What would you do on the last day of life as we know it?
A year or so ago, I read a Ray Bradbury story that really got to me and I haven’t stopped thinking about it since.
Because my house is a black hole for all objects (except, oddly enough, my nephews’ abandoned flannel shirts which hang around for eternities), I can’t at this moment find the Bradbury book so I can’t give you the name of the story or the collection. But the important thing to know is that it’s a story about the end of the world. Everyone in the story knows it’s the end of the world including the main characters, a husband and wife. It’s the last night of their lives and the lives of everyone they love. And they spend it . . . exactly the way they’d spend a quiet evening when it’s not the end of the world, eating a nice dinner, tucking the kids into bed, talking and sitting together, and finally going to bed themselves. The world ends, not with a bang, but with a quiet and moving goodnight.
It’s a lovely story, in its own way. It takes the fear out of the end of the world. Not that I’m particularly afraid of such a thing myself–the idea of the entire planet and everything on it disappearing is more appealing than otherwise to me. My fears run to stuff like my loved ones being hurt or lost to me in some way. Total annihilation for all of humanity? I’m good with that. Let’s all go together when we go!
So let’s say that, like those Bradbury characters, we know the end of the world is coming. We have like 24 hours warning. There’s nothing to fear: the end won’t be painful or scary. One minute we’ll be there and the next, nothingness. And it will be total, so no worries about kids or dogs or anyone left behind.
WHAT WOULD YOU DO?
I’m ashamed to say that my first thought, upon asking myself this question (prompted by the two earthquakes I was reading about this morning–I thought “wouldn’t it be funny if this is the beginning of the end?” which gives you some insight into my state of mind before I’ve had breakfast), was all about food.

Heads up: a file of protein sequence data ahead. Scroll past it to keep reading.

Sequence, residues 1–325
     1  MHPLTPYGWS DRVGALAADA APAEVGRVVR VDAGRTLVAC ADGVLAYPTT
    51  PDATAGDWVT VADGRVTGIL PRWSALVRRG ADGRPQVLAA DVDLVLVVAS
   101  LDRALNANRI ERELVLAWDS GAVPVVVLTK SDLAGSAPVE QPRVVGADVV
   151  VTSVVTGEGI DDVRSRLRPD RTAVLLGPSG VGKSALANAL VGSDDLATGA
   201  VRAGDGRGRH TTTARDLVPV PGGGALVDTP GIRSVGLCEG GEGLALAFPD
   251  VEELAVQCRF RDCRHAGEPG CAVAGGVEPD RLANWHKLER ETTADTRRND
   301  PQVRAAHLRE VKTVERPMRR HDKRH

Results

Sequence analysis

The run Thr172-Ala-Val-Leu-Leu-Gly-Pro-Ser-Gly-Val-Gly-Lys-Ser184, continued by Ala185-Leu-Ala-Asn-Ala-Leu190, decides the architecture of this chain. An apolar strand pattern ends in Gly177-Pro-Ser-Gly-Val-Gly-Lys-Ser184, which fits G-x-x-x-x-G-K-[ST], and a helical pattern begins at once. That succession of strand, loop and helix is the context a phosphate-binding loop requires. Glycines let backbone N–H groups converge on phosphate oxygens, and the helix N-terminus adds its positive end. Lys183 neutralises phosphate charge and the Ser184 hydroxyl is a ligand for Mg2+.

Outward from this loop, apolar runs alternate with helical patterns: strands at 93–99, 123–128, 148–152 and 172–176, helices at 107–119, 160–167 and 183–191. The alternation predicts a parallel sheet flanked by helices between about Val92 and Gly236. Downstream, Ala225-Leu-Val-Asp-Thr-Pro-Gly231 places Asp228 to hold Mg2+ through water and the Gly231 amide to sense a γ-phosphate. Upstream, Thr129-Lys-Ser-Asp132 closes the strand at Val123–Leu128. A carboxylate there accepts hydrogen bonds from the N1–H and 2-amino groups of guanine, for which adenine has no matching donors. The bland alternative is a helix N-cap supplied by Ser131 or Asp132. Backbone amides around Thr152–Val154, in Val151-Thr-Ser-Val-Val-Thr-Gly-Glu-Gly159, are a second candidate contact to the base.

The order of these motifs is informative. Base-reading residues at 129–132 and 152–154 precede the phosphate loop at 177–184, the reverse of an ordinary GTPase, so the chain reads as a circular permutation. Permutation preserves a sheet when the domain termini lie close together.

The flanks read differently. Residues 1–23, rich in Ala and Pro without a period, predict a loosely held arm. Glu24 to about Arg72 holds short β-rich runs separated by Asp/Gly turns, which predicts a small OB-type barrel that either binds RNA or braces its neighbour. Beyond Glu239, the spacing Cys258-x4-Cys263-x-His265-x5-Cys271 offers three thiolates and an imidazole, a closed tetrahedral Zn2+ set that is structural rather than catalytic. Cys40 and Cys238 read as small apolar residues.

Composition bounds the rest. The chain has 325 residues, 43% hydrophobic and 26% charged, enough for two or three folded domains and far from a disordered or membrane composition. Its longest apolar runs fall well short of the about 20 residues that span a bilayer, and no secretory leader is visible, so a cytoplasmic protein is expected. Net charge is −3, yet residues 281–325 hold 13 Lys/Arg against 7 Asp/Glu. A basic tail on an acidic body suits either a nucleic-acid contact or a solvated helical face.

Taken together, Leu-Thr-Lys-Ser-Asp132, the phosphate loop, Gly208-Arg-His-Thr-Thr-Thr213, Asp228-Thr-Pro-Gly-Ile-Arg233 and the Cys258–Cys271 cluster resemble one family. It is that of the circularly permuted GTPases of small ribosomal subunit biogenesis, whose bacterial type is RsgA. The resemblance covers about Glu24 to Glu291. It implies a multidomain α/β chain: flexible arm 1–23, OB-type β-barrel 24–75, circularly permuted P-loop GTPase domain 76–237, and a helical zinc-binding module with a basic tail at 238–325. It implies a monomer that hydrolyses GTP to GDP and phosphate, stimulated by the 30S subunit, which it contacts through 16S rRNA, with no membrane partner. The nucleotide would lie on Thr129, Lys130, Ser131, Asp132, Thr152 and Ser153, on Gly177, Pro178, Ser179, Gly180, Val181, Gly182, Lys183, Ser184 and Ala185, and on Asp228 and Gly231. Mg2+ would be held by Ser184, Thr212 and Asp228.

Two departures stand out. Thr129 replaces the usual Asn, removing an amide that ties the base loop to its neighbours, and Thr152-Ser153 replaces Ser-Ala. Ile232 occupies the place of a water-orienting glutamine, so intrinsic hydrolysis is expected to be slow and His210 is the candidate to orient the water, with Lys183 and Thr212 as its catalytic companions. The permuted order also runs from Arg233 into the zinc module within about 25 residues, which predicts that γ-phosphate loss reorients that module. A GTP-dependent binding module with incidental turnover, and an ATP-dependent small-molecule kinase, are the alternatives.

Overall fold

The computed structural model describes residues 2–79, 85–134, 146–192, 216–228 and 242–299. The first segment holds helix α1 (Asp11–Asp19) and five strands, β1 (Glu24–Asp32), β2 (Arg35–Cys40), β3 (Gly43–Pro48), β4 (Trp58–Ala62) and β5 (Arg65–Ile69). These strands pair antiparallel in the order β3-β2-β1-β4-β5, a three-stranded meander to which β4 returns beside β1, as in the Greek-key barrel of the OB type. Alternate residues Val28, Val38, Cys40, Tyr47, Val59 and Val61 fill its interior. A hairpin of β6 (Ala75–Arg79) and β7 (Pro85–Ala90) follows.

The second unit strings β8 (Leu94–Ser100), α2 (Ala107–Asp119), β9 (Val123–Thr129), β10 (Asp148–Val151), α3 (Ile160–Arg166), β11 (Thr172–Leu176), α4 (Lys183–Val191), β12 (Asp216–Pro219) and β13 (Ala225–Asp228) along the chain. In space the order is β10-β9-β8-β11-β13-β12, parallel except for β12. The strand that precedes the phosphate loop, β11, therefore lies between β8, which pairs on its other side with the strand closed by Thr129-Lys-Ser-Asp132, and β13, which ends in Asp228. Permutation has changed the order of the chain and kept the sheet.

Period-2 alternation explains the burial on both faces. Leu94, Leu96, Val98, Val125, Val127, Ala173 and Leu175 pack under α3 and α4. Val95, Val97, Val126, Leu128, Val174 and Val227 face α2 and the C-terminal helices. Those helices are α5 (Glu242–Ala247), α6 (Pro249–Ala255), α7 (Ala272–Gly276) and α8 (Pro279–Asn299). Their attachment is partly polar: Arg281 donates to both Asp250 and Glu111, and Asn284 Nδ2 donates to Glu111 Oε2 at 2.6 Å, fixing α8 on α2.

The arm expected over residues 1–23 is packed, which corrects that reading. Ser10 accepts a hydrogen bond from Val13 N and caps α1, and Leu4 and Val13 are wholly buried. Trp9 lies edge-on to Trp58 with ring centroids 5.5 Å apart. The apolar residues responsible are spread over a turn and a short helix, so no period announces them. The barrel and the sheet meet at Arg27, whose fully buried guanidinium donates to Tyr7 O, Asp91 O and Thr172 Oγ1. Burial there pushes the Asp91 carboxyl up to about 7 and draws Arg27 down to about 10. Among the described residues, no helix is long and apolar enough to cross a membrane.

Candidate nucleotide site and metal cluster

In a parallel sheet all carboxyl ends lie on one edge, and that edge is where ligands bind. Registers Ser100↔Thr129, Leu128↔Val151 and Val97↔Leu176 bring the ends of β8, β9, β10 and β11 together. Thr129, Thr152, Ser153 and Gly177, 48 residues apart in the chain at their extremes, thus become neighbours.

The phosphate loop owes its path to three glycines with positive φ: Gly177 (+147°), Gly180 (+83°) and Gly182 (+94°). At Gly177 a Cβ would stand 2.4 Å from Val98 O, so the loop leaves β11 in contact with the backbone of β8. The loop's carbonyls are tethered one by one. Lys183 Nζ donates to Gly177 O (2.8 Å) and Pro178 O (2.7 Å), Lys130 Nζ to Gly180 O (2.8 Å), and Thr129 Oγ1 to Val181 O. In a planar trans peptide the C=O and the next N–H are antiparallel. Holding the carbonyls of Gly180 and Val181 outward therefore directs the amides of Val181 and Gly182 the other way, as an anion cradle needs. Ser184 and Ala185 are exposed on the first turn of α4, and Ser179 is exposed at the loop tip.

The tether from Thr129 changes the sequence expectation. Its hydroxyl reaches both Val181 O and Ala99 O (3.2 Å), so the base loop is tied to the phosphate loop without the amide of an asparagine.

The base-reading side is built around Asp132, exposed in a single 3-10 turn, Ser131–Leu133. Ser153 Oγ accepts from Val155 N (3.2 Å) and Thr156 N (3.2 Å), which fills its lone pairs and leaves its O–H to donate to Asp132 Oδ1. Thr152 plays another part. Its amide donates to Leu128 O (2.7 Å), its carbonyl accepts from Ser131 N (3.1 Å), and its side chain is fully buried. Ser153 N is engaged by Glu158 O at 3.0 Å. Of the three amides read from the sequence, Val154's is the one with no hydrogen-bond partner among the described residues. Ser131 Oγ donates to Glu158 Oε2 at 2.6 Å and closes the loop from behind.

Because, if there’ s no future, I intend to eat like there’s no tomorrow. I mean, there is no tomorrow so you can eat whatever you want–no weight gain or health worries. Donuts feature prominently in my end-of-the-world fantasy.
Right on the heels of that thought was shame that I had gone there first. Am I really that petty, that obsessed with food and worried about my weight? Well, yes, but that’s not the point. I knew I could do better with my end of the world fantasy.
So I thought about what really matters and decided I’d want to make sure my kids know I loved them. But they kind of know that already. And I wouldn’t want our last few hours together to be filled with fear–I mean, 24 hours of my hovering over them shouting, “Do you KNOW I love you? Because we’re going to die so I want you to KNOW I LOVE YOU” would not be fun for anyone. So we’d have to be kind of normal.
And of course I’d want my husband there–I’d want my whole family to be together, just the six of us, not freaking out or screaming or crying. Just hanging, watching a little TV (most channels would probably be covering the news that the world is ending, but I suspect the Disney Channel would be showing its usual tween-friendly fare, because they never seem to deviate from their schedule, no matter what’s going on), having a snack (I can just leave the dishes in the sink! Hooray! Oh, wait . . . I do that, anyway), eating something decadent (snuck that in there, ha) and . . . laughing together. Snuggling on the sofa, under a blanket. Curling up on the bed to go to sleep together because I think you’d want to all go to sleep together the night that the world ends.
Now that I think about it, my fantasy isn’t all that different from what Ray Bradbury showed people doing in his short story. Just a normal evening spent together.
We can’t live every day thinking it might be our last–it would probably make some of our choices better, more meaningful, and we’d undoubtedly waste less time on celebrity gossip–but it would be an unbearably heavy burden to have to keep reminding ourselves every minute has to be worthwhile. I doubt it’s a sustainable proposition anyway.
But maybe we’re kind of aware of our limited time here anyway. Maybe every time we make the choice to linger lazily next to someone we love, to spend a moment enjoying something as simple as the frosting on a slice of chocolate cake, to stop and be still for a moment instead of rushing to the next thing–maybe with all those little quiet gestures we’re doing all we can to accept and brave the inevitable finality of life.